Virgil - Felix Qui Potuit Rerum Cognoscere Causas
Felix, qui potuit rerum cognoscere causas - Wikipedia
“Felix, qui potuit rerum cognoscere causas” is verse 490 of Book 2 of the "Georgics" (29 BC), by the Latin poet Virgil (70 - 19 BC). It is literally translated as: “Fortunate, who was able to know the causes of things”. ] Virgil may have had in mind the Roman philosopher Lucretius, of the Epicurean school.
The verse on display in the Catacombs of Paris
This sentence is often written with a present tense instead of the past tense: “Felix, qui potest rerum cognoscere causas” (“Fortunate is he, who is able to know the causes of things”). Translators have also often added the adjective "hid" or "hidden" to qualify the causes.
The latter half of the phrase, "rerum cognoscere causas", is the motto of the London School of Economics, the University of Sheffield, Bruce Hall (residential college of the Australian National University), Humberside Collegiate, the University of Guelph, Hill Park Secondary School in Hamilton, Ontario, the IVDI lecture hall of the University of Debrecen, the Science National Honor Society, the Royal Military College of Science, the German newspaper Der Tagesspiegel and the Romanian National Defense College [ro].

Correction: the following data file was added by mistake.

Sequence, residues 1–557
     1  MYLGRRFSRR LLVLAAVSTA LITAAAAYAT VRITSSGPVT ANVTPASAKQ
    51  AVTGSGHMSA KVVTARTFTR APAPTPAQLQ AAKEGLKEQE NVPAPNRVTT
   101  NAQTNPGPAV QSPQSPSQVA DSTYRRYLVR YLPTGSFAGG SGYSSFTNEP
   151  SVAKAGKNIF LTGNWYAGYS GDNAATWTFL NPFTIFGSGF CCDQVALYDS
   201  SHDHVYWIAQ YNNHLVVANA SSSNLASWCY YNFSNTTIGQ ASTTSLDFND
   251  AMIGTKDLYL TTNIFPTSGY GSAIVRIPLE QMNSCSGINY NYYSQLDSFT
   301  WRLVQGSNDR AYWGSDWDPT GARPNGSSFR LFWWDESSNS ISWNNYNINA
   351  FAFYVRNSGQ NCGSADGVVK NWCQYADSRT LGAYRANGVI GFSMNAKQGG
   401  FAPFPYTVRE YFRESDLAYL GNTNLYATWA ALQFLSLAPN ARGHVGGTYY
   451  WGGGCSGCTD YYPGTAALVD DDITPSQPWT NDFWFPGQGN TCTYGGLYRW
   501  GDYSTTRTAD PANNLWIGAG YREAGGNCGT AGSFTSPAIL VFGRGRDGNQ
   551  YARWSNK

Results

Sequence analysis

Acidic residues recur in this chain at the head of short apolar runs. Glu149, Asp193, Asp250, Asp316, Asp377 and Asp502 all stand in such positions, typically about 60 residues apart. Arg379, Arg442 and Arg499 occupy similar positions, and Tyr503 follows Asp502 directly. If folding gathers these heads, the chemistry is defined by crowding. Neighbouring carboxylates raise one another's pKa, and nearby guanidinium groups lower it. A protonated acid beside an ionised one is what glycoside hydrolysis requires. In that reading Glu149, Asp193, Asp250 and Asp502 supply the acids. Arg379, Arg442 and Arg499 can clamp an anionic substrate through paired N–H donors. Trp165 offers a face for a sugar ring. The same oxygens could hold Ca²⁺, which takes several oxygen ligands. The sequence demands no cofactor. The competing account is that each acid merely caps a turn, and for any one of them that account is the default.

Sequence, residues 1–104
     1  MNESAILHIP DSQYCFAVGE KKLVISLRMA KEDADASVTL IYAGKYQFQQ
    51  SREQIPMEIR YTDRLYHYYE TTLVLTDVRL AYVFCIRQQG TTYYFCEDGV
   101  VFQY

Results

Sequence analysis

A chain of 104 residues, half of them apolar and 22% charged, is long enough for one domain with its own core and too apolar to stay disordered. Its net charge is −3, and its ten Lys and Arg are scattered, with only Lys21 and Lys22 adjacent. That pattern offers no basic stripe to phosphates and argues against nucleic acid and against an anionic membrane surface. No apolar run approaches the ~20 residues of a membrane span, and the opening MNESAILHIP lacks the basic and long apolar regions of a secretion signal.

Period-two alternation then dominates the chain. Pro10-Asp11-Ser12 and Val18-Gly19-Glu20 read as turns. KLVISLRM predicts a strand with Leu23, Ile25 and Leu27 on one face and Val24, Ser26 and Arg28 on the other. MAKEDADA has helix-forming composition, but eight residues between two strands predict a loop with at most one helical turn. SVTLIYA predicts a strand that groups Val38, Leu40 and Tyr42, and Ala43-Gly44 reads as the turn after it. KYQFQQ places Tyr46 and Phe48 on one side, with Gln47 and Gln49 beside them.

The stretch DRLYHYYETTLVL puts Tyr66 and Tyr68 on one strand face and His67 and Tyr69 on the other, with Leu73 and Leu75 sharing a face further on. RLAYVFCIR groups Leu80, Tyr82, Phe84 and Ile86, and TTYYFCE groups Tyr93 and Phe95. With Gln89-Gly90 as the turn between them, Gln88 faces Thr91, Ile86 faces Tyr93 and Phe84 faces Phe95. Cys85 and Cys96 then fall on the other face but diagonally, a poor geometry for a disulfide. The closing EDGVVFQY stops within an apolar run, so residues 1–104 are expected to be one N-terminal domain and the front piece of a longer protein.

So I like this one almost literally but in present tense:
Happy is he who is able to know the causes of things,
And all fear, and inexorable fate, he tramples underfoot, along with the roar of greedy hell.
So in this brief verse you've got a great summary of the Epicurean worldview:
For me this one is probably more complete and clear as a summary of the most important elements of Epicurean philosophy than is the Tetrapharmakon.
And better yet than the Tetrapharmakon? It's in LATIN and therefore easier for more modern westerners to memorize and see the meaning!
Unfortunately for me when I look at many of the remaining texts it's still "Greek to me." But when I look at these Latin words I can almost imagine Lucretius / Virgil saying them, and me be actually able to understand him as he's saying it. - The only words being really foreign probably the metus and strepitum.
Here's a link to the English translation at the Perseus Digital Library:
"Happy, who had the skill to understand
Nature's hid causes, and beneath his feet
All terrors cast, and death's relentless doom,
And the loud roar of greedy Acheron."